Former director at NUS breached code of conduct by hugging colleague
University's internal review concludes that former director of the East Asian Institute behaved inappropriately by hugging subordinate
A former director of the East Asian Institute (EAI) at the National University of Singapore (NUS) acted inappropriately towards another staff member by hugging her against her will.
She lodged a police report against Professor Zheng Yongnian in May last year, and the police issued him a stern warning in April this year.
He was suspended from May 20 last year and required to work from home, staying off campus while under investigation.
The woman alleged that on May 8, 2018, Prof Zheng put his hands on her shoulder and head during a meeting in his office.
He denied any such contact, and the Committee of Inquiry (COI) convened by NUS was unable to verify this due to a lack of evidence.
On May 30, 2018, he allegedly hugged her and patted her buttocks during another meeting in his office. Prof Zheng, 58, admitted hugging her in his room after the meeting but denied patting or touching her buttocks.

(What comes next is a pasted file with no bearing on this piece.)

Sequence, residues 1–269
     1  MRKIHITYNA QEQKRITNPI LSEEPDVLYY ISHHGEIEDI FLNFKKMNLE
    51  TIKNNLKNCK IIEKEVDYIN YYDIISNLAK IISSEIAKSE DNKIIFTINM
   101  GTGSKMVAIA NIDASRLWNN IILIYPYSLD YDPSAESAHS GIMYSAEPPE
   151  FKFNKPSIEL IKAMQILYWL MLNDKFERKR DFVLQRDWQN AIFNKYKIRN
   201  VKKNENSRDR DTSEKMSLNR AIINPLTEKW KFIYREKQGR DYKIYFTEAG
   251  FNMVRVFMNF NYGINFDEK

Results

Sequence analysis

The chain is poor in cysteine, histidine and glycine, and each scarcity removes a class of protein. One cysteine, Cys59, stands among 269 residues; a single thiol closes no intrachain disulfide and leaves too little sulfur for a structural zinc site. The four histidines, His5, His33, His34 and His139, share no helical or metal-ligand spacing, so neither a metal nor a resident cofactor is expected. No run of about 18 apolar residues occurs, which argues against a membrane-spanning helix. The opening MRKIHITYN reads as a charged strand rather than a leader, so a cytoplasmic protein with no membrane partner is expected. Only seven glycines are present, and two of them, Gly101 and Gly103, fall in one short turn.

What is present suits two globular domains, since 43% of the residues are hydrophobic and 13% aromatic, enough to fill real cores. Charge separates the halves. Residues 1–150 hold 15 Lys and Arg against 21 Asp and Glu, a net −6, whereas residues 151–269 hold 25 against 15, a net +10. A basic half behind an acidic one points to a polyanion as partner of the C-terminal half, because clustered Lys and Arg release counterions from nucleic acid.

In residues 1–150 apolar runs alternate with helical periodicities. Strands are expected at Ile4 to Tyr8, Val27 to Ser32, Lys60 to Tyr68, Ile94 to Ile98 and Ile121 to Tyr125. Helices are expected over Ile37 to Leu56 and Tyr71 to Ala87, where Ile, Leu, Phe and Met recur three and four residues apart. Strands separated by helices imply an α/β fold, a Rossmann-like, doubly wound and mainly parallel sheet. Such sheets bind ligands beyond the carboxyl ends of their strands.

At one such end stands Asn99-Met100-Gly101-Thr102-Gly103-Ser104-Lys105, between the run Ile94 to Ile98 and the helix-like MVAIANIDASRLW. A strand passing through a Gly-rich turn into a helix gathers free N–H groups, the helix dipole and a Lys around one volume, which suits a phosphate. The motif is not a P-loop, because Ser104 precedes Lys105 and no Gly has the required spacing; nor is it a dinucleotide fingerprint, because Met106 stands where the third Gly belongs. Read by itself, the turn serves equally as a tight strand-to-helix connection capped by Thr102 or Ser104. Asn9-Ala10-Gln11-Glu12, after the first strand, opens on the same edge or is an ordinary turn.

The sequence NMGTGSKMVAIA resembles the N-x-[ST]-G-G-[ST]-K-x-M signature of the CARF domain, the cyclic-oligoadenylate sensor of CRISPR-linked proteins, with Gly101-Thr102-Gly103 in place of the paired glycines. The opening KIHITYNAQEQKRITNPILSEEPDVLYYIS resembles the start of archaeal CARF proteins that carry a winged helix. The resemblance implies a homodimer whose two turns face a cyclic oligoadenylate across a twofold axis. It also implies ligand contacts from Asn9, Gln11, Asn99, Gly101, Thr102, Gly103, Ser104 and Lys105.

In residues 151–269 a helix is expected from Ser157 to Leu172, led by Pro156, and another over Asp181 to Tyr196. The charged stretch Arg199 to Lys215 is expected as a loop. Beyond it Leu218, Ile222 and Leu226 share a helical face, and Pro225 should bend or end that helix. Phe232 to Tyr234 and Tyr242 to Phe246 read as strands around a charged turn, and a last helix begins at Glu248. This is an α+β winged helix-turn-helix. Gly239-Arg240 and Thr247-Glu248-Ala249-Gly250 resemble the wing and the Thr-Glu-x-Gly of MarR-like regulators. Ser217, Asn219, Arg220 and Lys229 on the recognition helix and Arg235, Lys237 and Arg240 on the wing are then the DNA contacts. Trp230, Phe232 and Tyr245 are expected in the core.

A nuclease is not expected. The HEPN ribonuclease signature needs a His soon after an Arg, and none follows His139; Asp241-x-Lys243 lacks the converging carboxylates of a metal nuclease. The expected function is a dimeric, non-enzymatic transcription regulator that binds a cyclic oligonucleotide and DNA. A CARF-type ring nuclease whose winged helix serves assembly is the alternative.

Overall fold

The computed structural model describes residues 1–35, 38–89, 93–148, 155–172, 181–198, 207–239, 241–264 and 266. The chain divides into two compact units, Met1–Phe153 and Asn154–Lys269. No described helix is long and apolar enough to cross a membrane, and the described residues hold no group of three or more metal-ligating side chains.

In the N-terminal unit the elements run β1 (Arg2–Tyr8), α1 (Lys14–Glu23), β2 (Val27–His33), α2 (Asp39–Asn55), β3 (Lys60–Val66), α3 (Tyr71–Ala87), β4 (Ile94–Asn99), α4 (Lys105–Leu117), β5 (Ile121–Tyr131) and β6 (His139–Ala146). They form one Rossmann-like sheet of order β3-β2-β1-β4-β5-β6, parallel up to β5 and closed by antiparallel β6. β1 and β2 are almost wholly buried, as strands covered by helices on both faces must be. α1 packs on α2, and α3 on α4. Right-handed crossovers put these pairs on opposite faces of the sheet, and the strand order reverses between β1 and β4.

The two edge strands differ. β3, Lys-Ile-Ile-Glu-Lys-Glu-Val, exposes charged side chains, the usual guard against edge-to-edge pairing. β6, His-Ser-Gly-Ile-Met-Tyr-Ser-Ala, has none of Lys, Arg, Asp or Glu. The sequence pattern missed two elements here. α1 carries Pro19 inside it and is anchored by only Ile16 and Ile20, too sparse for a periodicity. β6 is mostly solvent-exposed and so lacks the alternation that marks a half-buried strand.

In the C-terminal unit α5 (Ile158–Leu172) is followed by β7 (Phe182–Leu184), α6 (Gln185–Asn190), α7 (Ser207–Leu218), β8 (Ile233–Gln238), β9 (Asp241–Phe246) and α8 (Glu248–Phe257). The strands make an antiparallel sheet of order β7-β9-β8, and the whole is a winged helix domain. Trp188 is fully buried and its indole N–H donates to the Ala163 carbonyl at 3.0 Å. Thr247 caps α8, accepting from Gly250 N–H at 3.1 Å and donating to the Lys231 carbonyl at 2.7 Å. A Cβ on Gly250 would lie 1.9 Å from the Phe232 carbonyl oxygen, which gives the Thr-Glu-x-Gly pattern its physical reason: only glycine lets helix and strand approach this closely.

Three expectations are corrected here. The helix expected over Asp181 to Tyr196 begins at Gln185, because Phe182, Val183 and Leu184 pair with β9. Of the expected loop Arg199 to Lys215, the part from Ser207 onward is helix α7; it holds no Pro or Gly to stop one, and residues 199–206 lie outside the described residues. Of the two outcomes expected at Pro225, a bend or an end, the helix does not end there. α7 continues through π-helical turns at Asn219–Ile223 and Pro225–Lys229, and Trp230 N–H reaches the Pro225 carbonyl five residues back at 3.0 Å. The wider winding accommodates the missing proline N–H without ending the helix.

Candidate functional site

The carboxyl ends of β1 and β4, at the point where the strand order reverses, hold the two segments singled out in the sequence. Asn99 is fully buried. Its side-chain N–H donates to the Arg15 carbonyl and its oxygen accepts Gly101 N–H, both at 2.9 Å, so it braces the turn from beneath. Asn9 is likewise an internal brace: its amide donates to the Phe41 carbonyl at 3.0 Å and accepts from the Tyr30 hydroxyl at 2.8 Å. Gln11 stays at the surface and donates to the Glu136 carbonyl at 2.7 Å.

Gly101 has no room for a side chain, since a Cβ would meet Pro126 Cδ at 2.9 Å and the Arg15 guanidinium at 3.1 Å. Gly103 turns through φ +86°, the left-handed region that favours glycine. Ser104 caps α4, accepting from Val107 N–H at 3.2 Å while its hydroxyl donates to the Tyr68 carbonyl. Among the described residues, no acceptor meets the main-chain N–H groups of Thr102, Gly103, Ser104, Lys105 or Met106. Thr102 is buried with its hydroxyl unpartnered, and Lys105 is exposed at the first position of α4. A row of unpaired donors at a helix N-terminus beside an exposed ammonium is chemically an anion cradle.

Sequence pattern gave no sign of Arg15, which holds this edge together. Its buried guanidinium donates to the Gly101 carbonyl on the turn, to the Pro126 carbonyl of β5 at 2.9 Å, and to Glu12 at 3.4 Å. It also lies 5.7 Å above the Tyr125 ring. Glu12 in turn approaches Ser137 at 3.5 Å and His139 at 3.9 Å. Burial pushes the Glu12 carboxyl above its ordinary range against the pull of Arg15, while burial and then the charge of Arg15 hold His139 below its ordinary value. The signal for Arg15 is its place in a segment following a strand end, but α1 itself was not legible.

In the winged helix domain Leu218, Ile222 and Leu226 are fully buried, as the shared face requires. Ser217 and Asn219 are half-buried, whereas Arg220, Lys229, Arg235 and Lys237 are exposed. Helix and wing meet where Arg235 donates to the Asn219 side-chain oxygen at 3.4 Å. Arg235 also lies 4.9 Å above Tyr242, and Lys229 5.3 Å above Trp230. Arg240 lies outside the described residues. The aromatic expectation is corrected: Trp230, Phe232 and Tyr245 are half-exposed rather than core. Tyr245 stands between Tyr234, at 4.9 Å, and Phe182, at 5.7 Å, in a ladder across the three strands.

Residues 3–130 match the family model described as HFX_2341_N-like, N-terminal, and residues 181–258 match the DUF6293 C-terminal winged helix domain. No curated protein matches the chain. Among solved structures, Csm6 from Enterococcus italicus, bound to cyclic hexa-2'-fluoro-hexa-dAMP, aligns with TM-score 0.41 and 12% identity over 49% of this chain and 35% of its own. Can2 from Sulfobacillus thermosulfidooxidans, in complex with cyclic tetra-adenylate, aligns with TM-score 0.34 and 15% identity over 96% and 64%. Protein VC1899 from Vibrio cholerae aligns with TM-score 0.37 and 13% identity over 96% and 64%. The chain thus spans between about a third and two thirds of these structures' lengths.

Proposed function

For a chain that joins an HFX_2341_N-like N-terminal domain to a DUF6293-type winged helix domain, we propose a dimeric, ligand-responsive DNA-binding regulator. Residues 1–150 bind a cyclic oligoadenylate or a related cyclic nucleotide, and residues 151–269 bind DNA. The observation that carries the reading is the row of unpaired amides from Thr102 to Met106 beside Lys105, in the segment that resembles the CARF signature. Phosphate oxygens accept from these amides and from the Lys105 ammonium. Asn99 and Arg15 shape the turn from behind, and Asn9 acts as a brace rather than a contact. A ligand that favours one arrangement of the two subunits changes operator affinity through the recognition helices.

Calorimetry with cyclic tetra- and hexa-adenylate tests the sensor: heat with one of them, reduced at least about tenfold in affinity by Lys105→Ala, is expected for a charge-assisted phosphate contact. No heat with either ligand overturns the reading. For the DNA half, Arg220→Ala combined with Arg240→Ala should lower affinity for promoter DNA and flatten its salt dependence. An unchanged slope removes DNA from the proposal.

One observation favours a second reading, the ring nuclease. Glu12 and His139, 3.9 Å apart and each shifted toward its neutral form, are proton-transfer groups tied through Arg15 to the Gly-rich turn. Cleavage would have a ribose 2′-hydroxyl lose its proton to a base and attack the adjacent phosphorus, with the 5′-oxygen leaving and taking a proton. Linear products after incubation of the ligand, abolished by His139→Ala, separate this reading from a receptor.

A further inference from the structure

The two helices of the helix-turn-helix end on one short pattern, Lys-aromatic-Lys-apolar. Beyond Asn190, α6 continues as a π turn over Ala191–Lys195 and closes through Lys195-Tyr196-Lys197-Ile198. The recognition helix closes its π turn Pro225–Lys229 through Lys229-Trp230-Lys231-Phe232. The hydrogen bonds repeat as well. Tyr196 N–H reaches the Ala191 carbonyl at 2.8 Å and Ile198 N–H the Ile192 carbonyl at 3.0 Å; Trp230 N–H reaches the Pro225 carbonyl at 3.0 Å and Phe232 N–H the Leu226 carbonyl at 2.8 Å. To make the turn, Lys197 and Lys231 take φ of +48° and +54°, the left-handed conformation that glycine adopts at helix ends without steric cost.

The COI was unable to verify if he touched or patted her buttocks due to a lack of evidence.
In October 2018, Prof Zheng allegedly held onto the staff member's back while taking a group photo. He denied this, and the COI was unable to verify this due to a lack of evidence.
Yesterday, NUS issued a statement saying its own internal investigations following the allegations last year were complete.
The COI concluded it was inappropriate for Prof Zheng, a senior colleague in a supervisory role, to hug a junior colleague without consent at a professional meeting.
It established that he had breached the NUS code of conduct for staff.
Claims that Prof Zheng sexually harassed staff appeared on social media in August this year, prompting him to issue a statement through his lawyers on Sept 4 denying all allegations.
He said at the time that he was also considering his legal options.
In its statement yesterday, NUS said the appropriate sanction for his breach would have been a written warning.
But Prof Zheng left the university in September and is understood to have joined the Chinese University of Hong Kong, Shenzhen.
"As Prof Zheng is no longer a staff of NUS, the university will instead place on its staff records the outcome of the internal review," said the statement.
"NUS and EAI have been extending assistance to the affected EAI staff member since she had first raised this matter, and we will continue to provide her with the support she needs."